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  • Michael Asbury

Bottom Line Impact with Rapid Improvements

Achieve rapid system level improvement with Constraint Utilization & Applied TLS (Combined Lean Six Sigma & Theory of Constraints)

Rapid System Level Improvement

To make a rapid impact on a system, its important to understand that the performance of any system is limited by its constraints (Theory of Constraints). At any given time, one constraint is dominant over the others. This is the best place to remove waste & make value flow (Lean) and apply a structured problem-solving approach such as DMAIC (Define-Measure-Analyze-Improve-Control from Six Sigma).

Measuring Constraint Utilization

On my first TLS project (Combined Lean Six Sigma & Theory of Constraints), we found that the heat treatment (HT) process was our constraint. To help prioritize what to improve, I adapted the OEE metric (Overall Equipment Effectiveness -- credited to Seiichi Nakajima in the 1960's) from TPM (Total Productive Maintenance) within the Lean toolbox to create Constraint Utilization (UT). Constraint UT is the amount of scheduled time the constraint is effectively adding value. The difference between UT and OEE is that performance is split into load performance and time performance, since it compounds, and has different root causes & solutions. We wanted this level of detail because we wanted HT running as much as possible, with as many cycles as possible, with the most tons per cycle possible, with the most value-added tons as possible. 100% capacity utilization would result in UT = 1.00.

UT = U x T x L x Y (Constraint Utilization)

  • U = Up-time -- Time equipment is running within specifications relative to time scheduled to run

  • T = Time Performance -- Time used running loads relative to Up-time

  • L = Load Performance -- Load relative to load capacity

  • Y = Yield -- Amount of Value Adding Units Processed relative to Load Performance

UT should only be used at a constraint as over activation of a non-constraint leads to overproduction and all other forms of waste. OFE (Operational Functional Effectiveness) would be more appropriate, which I will define in another post.

We calculated the baseline UT and found how much capacity we had relative to how much we were utilizing.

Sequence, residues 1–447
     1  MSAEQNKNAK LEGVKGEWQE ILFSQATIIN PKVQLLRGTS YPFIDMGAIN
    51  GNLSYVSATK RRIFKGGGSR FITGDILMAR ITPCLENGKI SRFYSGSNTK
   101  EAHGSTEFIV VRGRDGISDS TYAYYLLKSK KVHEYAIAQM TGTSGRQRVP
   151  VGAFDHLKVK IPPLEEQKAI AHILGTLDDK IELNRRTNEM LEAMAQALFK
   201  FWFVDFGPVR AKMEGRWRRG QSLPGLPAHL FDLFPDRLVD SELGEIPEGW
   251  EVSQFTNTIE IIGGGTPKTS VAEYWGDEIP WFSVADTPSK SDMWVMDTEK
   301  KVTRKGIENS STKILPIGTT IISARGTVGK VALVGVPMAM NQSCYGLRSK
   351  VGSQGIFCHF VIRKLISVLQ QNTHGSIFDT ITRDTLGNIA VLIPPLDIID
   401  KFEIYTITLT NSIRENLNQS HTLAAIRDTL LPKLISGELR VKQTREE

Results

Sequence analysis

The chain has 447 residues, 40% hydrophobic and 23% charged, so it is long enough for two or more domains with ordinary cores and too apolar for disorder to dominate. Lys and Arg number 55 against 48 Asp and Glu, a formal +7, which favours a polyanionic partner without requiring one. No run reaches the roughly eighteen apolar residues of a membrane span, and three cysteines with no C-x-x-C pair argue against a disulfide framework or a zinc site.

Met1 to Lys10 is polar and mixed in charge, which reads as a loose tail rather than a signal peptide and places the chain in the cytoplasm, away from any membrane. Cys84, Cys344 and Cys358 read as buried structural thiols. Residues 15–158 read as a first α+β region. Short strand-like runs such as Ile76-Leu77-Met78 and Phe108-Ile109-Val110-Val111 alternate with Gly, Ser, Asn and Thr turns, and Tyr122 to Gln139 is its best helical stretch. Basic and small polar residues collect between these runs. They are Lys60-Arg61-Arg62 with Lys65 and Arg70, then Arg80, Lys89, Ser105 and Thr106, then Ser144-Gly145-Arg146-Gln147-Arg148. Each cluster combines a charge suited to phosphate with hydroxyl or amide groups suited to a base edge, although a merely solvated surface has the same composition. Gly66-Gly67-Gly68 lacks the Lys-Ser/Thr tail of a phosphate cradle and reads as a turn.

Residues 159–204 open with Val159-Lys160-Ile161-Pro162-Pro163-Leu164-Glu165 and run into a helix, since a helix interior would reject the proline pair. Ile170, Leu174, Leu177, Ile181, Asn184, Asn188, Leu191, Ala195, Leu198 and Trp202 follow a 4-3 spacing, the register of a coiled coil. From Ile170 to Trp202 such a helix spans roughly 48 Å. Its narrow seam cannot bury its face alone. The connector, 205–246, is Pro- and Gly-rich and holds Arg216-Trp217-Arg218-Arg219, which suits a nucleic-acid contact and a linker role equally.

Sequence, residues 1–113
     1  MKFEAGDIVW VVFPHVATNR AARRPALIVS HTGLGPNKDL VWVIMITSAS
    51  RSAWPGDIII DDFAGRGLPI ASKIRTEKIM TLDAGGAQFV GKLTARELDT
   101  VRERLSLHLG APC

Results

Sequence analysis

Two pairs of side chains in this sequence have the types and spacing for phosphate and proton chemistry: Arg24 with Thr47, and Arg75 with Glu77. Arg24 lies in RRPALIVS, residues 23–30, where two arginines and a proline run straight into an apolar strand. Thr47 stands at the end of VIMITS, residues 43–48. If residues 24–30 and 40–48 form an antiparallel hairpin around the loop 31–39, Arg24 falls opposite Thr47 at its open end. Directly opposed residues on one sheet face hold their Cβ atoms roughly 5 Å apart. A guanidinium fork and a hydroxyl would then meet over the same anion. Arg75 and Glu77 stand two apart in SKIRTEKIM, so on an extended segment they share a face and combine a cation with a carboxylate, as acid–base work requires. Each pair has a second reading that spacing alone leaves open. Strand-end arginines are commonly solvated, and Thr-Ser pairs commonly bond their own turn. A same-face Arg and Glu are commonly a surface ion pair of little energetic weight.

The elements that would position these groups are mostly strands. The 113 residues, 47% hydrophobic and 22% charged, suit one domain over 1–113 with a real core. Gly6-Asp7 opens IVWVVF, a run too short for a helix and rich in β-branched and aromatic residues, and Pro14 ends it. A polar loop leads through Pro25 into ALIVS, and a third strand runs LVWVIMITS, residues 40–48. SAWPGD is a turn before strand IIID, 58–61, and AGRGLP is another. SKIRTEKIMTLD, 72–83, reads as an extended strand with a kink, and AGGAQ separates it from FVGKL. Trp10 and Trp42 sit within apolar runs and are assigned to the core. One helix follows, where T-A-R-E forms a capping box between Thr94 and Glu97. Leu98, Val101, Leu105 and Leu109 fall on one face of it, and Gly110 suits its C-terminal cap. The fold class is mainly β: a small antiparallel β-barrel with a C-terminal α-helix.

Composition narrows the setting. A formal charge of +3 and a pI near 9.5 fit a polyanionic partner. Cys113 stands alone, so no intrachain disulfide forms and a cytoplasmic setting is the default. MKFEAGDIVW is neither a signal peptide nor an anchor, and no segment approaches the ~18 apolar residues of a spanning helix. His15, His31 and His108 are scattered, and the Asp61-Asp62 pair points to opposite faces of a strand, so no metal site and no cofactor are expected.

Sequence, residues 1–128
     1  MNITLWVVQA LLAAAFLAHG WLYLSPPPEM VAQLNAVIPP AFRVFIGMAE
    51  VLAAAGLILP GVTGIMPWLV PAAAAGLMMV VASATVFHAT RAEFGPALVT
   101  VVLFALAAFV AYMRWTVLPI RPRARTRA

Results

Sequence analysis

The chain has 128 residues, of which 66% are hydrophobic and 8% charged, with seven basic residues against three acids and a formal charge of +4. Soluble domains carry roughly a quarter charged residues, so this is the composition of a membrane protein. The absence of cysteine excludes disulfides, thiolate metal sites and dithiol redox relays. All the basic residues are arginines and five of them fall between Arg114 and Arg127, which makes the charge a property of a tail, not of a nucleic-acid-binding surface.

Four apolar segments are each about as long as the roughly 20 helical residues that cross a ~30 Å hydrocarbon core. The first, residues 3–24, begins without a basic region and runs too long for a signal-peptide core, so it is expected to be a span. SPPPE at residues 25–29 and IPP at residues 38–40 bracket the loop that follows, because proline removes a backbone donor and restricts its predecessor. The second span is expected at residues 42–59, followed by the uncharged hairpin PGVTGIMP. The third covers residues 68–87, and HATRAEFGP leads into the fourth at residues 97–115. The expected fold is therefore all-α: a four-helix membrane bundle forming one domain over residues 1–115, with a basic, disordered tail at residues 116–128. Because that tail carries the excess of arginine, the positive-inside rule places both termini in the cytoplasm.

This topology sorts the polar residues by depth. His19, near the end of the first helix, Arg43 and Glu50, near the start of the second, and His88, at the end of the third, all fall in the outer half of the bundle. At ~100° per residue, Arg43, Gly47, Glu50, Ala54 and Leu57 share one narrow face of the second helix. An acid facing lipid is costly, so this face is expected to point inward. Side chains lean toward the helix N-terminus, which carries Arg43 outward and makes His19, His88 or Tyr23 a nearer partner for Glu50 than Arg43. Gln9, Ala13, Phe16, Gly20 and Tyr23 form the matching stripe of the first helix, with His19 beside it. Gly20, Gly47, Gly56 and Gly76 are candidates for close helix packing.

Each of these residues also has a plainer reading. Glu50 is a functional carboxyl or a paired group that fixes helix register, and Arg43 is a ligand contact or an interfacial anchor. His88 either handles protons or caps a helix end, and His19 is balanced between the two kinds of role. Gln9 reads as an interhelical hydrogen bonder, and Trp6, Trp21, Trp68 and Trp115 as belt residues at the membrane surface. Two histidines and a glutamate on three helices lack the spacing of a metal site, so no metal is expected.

• U = 0.85 Up-time

  • T = 0.85 Time Performance

  • L = 0.59 Load Performance

  • Y = 0.54 Yield

Baseline UT = U x T x L x Y = 0.85 x 0.85 x 0.59 x 0.54 = 0.23

From the baseline UT, we realized that we could rapidly ramp up HT by getting creative (versus spending capital). With this added insight we could easily calculate the impact of the wastes and solutions. Improvements at a constraint will flow through to the bottom line until the constraint is broken. This helped with prioritizing solutions based on estimated impact, ROI, and payback time. Fortunately, many improvements were free and inexpensive.


We created a project team and quickly analyzed the process interdependencies & sequence of dependent events as well as the wastes for each of the UT factors. Next, we held a kaizen event (rapid improvement project) and used PDCA (Plan-Do-Check-Act) and an Action Item log for some quick hits with each of the solutions in a test phase followed by full implementation to rapidly improve HT.

  1. HT Data Log -- More tons per load, less time between cycles, fewer cycles running too long, less rework

  2. Downtime Log -- Less downtime & quicker maintenance response time

  3. Operator Training (HT Compatible Alloys & Covering Breaks) à More value-add tons per load & cycles per day

  4. 6S Staging Area & Process Changes -- Less time between loads and more value-add tons per load

  5. Quick Changeovers & Mistake Proofing -- Less time between loads for more cycles per day

  6. Mix Policy Change (Limited Number of High Hour Heats Melted per Day & Week) -- More Cycles per Day

  7. HT Spec Changes -- Some Cycles Spec Too Long; More Cycles per Day

  8. TPM (Increased Quench Tank Agitation) -- Less Time between Cycles; More Cycles per Day

  9. Design for Manufacturability / Process Re-engineering (Redesigned Oven Racks & Pedestals) -- Less Downtime, More Value-Add Tons per Load, Less Material Usage for making them in-house. Used DMADOV: Define-Measure-Analyze-Design-Optimize-Validate (Six Sigma)

These improvements compounded to result in a 120% increase from 36.4 to 80.3 average value-add tons/day. We knew we would be breaking the constraint by this point, but we went ahead and calculated the impacts and sequence that we could continue to improve HT as we applied TLS to other constraints to control whether we want HT to become a constraint again or keep it improving it slightly ahead of our preferred choice of constraint (which was melting).


This allowed us to gain 20% more throughput (BIG $$$) through the plant, stop running HT on the weekends, reduce labor by 37% (even while giving the employees a $3/hour raise), and save 25% on HT utilities (~$50K/month). Our lead times also came down rapidly and the on-time delivery rose from 34% to 78% and the mountain of WIP waiting to go through HT vanished. The payback time for the $23K of capital invested in improvements was 1 day.

TLS is a very powerful methodology to make substantial gains in performance and results.

For More Info Contact:

O 888.489.5121

F      704.479.7206



North Carolina, United States

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